Hi Sandy, your website looks great. I completed the CELTA course in 2015 and I now have 18 months experience teaching. I really enjoy teaching young learners and very young learners. If I want to specialise in this area how could I do that?
As far as I am aware the DELTA similar to the CELTA is focused on adults. Would you recommend that I do the DELTA in a year or so even if I want to focus on teaching YL and VYL.
I would like to see myself many years from now being a director of studies for a school that focuses on VYL and YL.
How could I progress professionally to try and achieve this target? what route should I take?
Thanks for the comment. I’m not sure how much I can help you there. I’d recommended asking on the facebook page of Teaching Very Young Learners https://www.facebook.com/groups/733080000097824/ or the IATEFL Young Learner and Teen Special Interest Group https://www.facebook.com/groups/iateflyl/ or on a more YL-focussed blog, like https://klokanomil.wordpress.com/ You could also investigate doing extra YL related qualifications, like the IHCYLT: http://ihworld.com/online-training/course/ih_certificate_in_teaching_young_learners_teenagers_online (though you need somebody local who can observe you) or the Trinity TYLEC http://www.trinitycollege.com/site/?id=3206
I am doing my final LSA4 external observation in May. It is systems based and I am doing it on countable/uncountable nouns at pre-intermediate general english level. This is my final attempt at passing the external. I have failed 2 observations and passed the essay both times. I have to pass this time or I have to repeat Module 2 again which is unthinkable due to time and money constraints. Can you please help me to pass. Many thanks : )
I’m not quite sure what I can do to help other than wish you luck. It’s worth going back to your previous observations and trying to analyse what happened. As far as I know you can also contact Cambridge and ask for feedback on your LSA4, although you have to pay for it. That could give you more information about the areas you need to focus on in your final observation. Good luck!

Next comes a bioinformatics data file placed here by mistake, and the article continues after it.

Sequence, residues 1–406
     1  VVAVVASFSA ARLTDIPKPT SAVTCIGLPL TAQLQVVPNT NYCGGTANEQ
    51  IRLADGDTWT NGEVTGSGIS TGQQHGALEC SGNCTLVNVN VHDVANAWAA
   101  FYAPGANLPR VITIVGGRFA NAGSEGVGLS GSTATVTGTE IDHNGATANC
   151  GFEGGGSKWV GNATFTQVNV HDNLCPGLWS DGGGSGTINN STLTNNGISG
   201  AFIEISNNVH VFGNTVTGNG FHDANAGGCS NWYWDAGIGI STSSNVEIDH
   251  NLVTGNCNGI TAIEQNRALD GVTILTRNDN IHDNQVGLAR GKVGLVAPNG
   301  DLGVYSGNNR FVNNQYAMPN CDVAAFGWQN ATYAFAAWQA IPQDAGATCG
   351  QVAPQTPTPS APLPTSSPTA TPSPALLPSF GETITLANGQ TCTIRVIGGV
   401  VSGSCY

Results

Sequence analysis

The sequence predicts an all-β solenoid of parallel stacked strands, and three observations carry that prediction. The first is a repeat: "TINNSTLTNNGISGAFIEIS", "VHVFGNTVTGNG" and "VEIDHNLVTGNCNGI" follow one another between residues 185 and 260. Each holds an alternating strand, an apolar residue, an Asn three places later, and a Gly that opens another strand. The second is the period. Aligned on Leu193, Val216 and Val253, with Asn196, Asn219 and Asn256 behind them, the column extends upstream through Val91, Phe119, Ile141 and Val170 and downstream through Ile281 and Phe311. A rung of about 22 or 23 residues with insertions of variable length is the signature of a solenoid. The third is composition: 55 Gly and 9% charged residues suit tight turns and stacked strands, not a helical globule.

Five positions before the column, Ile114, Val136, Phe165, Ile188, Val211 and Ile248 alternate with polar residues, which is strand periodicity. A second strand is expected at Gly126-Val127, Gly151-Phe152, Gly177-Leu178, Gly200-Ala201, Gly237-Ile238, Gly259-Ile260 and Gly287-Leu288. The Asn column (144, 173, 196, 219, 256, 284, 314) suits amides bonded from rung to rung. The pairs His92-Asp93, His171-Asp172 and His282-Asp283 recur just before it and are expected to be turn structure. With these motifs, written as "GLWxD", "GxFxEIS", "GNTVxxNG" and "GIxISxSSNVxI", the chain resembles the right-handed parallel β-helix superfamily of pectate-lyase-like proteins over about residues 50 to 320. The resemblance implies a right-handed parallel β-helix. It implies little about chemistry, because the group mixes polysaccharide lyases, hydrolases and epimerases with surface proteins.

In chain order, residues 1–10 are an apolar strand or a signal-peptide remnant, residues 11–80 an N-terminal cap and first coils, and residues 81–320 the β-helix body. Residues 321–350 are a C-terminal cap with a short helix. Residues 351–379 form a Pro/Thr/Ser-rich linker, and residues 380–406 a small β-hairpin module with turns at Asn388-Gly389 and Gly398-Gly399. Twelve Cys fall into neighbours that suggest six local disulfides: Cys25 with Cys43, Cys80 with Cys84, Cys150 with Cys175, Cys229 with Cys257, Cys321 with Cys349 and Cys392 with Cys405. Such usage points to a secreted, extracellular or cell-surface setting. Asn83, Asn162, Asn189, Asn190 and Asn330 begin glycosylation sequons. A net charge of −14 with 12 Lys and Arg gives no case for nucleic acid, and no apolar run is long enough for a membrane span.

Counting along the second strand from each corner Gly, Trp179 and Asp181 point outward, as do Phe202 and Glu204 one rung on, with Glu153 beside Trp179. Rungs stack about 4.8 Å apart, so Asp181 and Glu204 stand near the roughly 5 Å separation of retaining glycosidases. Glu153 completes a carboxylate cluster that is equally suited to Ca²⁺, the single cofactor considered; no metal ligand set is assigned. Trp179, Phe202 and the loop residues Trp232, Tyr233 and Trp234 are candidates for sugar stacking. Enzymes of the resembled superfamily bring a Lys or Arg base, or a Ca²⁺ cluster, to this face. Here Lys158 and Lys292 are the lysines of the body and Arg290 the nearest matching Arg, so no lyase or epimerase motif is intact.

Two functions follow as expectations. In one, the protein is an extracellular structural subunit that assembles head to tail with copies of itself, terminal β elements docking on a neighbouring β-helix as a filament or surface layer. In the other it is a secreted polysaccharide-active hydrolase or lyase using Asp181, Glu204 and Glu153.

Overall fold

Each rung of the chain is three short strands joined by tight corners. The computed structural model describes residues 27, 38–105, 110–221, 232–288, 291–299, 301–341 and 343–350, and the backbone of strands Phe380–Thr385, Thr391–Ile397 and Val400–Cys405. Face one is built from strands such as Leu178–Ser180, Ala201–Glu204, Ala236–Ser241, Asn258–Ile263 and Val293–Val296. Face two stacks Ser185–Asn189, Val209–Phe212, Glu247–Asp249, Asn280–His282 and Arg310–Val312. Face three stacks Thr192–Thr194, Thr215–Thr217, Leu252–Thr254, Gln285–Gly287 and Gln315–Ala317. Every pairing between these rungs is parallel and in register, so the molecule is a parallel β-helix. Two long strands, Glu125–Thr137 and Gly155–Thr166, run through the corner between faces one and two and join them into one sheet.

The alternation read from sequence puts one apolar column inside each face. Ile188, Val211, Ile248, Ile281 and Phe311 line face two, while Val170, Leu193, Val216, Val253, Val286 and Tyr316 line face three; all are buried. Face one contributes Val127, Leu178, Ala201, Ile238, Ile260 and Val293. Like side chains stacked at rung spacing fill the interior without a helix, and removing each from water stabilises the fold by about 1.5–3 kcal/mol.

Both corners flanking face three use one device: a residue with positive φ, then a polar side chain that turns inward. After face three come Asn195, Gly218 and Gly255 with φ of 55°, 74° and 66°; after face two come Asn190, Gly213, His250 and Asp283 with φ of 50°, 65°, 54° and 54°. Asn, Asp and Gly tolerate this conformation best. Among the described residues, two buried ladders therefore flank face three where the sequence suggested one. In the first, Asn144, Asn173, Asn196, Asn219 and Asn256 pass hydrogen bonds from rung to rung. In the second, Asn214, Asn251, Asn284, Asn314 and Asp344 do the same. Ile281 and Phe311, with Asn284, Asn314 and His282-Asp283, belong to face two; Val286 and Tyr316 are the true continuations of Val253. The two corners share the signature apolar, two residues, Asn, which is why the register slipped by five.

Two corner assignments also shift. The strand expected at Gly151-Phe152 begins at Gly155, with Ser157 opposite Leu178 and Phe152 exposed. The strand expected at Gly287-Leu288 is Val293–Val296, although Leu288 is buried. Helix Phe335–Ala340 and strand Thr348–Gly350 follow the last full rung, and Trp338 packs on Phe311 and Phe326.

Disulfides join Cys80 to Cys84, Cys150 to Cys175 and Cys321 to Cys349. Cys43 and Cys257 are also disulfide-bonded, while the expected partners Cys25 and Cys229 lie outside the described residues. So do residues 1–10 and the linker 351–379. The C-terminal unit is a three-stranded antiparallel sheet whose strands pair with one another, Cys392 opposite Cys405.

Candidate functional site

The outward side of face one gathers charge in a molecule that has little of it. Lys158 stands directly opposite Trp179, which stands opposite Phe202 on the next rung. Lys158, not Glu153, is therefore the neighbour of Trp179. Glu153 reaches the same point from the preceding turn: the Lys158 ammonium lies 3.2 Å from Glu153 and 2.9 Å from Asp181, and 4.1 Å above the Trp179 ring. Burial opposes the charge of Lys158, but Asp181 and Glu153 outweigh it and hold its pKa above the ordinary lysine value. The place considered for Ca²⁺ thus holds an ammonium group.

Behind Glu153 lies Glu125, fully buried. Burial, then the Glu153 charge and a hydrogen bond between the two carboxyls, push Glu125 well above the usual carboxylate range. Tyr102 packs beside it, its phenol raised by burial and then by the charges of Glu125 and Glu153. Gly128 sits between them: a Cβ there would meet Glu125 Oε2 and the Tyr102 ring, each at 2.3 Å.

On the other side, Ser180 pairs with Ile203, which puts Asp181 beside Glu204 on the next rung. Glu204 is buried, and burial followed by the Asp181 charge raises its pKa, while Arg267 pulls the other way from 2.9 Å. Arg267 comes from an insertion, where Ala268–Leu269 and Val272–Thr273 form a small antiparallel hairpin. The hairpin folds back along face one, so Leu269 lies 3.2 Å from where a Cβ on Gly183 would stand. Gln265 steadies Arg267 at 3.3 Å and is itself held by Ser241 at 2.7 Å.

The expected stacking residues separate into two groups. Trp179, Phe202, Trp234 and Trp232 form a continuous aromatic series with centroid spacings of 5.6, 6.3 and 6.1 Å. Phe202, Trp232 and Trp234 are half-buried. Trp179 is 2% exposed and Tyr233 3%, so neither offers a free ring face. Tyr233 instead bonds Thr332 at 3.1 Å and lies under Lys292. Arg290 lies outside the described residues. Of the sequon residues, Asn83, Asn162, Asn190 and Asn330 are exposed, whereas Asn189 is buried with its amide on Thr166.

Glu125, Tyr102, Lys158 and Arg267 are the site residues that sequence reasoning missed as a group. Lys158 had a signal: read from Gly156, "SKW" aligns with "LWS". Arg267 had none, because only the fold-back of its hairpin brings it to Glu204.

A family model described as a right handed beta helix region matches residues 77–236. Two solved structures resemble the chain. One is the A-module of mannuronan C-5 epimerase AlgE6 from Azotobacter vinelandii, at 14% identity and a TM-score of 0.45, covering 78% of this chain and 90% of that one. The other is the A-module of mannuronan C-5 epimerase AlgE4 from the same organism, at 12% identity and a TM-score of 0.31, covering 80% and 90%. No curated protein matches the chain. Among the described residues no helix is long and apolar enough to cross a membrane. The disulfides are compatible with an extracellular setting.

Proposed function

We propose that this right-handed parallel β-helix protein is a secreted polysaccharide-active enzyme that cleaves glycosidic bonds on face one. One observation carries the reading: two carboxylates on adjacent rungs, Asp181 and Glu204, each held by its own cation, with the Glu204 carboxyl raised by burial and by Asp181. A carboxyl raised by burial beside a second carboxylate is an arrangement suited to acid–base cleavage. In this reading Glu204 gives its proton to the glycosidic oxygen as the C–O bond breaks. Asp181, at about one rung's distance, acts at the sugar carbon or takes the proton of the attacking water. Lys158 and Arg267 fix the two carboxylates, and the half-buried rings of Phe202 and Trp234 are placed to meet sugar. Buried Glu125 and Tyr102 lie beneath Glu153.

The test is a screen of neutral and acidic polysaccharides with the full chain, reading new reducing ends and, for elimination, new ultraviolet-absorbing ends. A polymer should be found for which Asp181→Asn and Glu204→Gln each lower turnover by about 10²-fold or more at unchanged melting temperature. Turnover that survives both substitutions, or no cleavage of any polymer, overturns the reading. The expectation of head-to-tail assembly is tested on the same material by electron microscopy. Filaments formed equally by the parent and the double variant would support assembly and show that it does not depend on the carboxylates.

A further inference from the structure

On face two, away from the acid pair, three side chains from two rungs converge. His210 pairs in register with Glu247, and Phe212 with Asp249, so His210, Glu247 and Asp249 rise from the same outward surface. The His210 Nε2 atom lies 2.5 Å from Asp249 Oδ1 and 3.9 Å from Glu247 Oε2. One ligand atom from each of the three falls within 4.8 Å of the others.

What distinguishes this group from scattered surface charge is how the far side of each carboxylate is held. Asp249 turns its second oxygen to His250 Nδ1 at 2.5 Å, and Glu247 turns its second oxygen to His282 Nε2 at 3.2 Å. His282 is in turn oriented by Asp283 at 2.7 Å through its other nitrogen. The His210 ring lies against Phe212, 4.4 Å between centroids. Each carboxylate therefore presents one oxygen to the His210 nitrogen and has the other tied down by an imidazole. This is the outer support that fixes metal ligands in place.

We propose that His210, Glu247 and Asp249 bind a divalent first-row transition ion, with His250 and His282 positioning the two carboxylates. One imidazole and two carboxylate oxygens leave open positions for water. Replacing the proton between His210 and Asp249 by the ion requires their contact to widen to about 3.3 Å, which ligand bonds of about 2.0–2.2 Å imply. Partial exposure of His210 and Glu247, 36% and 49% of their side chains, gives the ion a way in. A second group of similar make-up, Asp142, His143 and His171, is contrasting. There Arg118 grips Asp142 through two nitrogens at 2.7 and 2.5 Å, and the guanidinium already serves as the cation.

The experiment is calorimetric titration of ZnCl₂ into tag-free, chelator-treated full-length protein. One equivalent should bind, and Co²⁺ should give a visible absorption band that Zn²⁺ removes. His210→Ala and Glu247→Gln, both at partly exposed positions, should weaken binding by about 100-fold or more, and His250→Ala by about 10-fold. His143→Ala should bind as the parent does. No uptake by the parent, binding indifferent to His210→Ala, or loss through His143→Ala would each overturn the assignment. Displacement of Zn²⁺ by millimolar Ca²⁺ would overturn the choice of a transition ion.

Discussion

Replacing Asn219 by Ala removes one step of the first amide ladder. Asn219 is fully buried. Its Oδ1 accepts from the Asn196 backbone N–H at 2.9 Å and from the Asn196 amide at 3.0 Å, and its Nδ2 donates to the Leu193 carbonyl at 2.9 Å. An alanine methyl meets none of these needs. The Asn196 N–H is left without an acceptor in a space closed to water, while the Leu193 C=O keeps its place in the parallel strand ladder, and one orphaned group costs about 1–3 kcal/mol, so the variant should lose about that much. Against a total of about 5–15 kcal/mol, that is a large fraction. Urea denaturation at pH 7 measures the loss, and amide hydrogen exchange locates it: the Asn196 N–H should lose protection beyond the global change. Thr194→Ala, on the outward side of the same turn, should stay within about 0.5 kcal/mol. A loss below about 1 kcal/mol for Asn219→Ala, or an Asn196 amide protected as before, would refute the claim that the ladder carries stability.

I need you help to fill Celta form
Also can you suggest me which would be the best place to pursue this course
I am in maldives and holding Tanzanian citizenship .
Suggest me best campus for celta
I’m afraid that there isn’t one best campus to do CELTA. All courses are moderated, so the standard should be the same wherever you are. It’s also important that you can fill in all of the forms yourself, and that you have at least a C1 level of English on the CEFR scale to be able to complete the course, as it is very challenging and a high standard of language is needed. It is tough, but worth it if you meet the criteria for entry. Good luck!
I work at Cambridge English. I came across your blog and twitter whilst researching outreach methods for our new website, The Digital Teacher. The website encourages English language teachers to incorporate technology into teaching by providing resources and tips. We’d be thrilled if you could write something about The Digital Teacher on your blog.
Please take a look at the website and get back to me if you have any questions.
Digital and New Product Development
1 Hills Road, Cambridge, CB1 2EU
T: +44 (0) 1223 889150
Part of the University of Cambridge
I only tend to write about resources which I have come across myself and found to be useful. I may do this if I can find a direct link to your site, but at the moment there is not one in your message. How do teachers find it?
The web address is https://thedigitalteacher.com/. There are links to it from Cambridge English Language Assessment’s Website.
My name is Beth Trout and I wanted to write to you in order to let you know about my Phrasal Verbs Mobile App called Phrase It Up launched by my company Teacher Trout LLC. This app not only allows ESL students to review common phrasal verbs and mark the ones they need more practice with, but it also features a unique card game, invented by myself. The rules are simple: match as many phrasal verbs to their definitions as possible and steal phrasal verbs from other players’ banks when you have another of its definitions in your hand in order to earn points so that you can win the game.